Springfield elementary, Master Gardeners create community garden

Springfield art museum, Smithsonian partner on project that could become national model.

Credit: Bill Lackey

Credit: Bill Lackey

Snyder Park Elementary School students partnered with 10 Clark County Master Gardeners plus local and national arts groups to create a new pollinator garden as part of a program organizers hope to transition to a national level.

The Master Gardeners donated their time and skills to help the students set up their school community garden by weeding, composting and planting 44 native pollinating plants.

Smithsonian Gardens also worked with Springfield Museum of Art, a Smithsonian Affiliate, and Snyder Park with a goal “to pilot transitioning their successful local school program to a national level,” said Amy Korpieski, who manages the partnership for the art museum.

“It’s a great program and has been a great opportunity to connect the Smithsonian to Springfield,” said Jessimi Jones, executive director of the Springfield Museum of Art.

Credit: Bill Lackey

Credit: Bill Lackey

Two years ago, the Cat Council, Snyder Park’s school leadership group, initiated a service learning project and began working with Korpieski at the museum to learn more about the process of pollination. The council then decided they wanted to create a space at the school that was “visibly appealing to visitors” and beneficial to nature.

The council, classroom teachers, the museum and teaching artists have participated in this program over the last two years. During the process, students walked through the Green Ambassador online tool from the Smithsonian and planned a school garden, met virtually with Master Gardeners at Smithsonian, and created drawings, needle felted models of the garden, and wood and needle felted sculptures of the garden.

These creations took place in the classroom, during art classes, during Cat Council meetings, and at Meet the Teacher night and parent/teacher conference nights.

“While learning about pollinators, students and family adults used polymer clay to create arty pollinators for the garden. Many of the artworks were on display in the main hallway and cafeteria at school as they awaited their turn in the garden,” Korpieski said.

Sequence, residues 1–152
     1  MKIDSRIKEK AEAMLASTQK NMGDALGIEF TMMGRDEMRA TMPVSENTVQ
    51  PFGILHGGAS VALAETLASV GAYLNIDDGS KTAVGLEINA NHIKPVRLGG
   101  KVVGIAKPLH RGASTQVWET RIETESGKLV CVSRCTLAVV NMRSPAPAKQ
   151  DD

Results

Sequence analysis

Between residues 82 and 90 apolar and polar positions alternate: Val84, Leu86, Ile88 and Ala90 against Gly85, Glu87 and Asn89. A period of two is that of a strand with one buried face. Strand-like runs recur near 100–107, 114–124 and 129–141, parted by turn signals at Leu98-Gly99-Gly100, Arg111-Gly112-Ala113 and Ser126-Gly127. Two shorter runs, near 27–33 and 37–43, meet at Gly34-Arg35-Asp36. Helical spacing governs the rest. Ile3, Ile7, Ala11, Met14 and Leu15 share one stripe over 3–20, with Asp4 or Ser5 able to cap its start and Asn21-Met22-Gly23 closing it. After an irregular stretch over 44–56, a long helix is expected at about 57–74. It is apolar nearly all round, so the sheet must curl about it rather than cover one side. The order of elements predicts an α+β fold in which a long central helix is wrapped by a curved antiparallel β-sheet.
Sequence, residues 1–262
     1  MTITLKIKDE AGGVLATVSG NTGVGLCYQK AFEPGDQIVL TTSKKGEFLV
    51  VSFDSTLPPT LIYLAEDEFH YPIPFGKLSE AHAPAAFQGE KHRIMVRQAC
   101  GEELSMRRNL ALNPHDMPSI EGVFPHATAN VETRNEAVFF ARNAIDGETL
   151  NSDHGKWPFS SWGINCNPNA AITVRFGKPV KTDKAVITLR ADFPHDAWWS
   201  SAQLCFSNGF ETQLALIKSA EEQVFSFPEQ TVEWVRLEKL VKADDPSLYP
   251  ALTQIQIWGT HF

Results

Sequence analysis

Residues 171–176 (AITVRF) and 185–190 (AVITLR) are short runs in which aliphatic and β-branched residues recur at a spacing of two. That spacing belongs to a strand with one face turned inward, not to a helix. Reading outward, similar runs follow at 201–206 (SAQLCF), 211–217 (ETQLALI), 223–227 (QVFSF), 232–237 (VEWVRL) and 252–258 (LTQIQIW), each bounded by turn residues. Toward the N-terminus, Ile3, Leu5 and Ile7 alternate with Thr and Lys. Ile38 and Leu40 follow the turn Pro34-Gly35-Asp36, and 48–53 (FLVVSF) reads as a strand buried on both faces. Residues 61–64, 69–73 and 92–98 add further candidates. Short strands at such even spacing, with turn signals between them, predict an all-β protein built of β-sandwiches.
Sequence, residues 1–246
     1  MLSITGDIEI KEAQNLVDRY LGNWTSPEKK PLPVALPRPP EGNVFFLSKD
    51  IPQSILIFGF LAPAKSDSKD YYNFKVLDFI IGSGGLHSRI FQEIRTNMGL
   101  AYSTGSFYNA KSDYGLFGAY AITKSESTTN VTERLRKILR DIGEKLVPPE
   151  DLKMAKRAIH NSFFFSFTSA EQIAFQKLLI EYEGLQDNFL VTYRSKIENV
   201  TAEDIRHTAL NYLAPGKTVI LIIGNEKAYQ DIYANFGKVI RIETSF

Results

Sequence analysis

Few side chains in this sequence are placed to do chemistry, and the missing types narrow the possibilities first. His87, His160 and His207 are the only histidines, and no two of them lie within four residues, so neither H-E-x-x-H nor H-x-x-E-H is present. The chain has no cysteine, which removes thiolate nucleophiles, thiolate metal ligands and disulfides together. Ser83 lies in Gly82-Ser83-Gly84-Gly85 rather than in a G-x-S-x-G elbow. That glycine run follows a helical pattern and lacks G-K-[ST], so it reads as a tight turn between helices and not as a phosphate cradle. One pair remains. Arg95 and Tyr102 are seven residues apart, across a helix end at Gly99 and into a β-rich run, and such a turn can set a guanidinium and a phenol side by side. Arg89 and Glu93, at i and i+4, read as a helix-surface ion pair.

Patricia Alexander, Snyder Park instructional coach, said third graders created Totems for display that focused on exploration of the sea’s life forms and sixth graders worked on needle felting creating of abstract plants setting roots that grow to symbolize joy, hope and a sense of home.

“Our initial vision of bringing artwork created by students to the community is now becoming a reality,” she said. “Our community garden is all about bringing people together and enhancing the beauty of public spaces that our families can easily get to and enjoy.”

Alexander said this project would not have been realized without the museum because they served as a source of networking and collaboration.

“We would like to take this opportunity to thank ... the Springfield Museum of Art for all of the hard work taken on over the past two years to connect Snyder Park not only with The Smithsonian in Washington, D.C., but also connecting us with partners within the community that amplified the impact of this project,” she said.

The project, funded by a mini-grant from the Smithsonian and Springfield Museum of Art, was completed with the efforts of Snyder Park, the museum, Nightengale Montessori School, Clark County Master Gardeners, a part of The Ohio State University Extension Master Gardener Volunteer Program, and Grace United Methodist Church of Springfield.

Snyder Park will hold a ribbon-cutting ceremony for the garden on April 22 as part of Earth Day events.

Credit: Bill Lackey

Credit: Bill Lackey

About the Author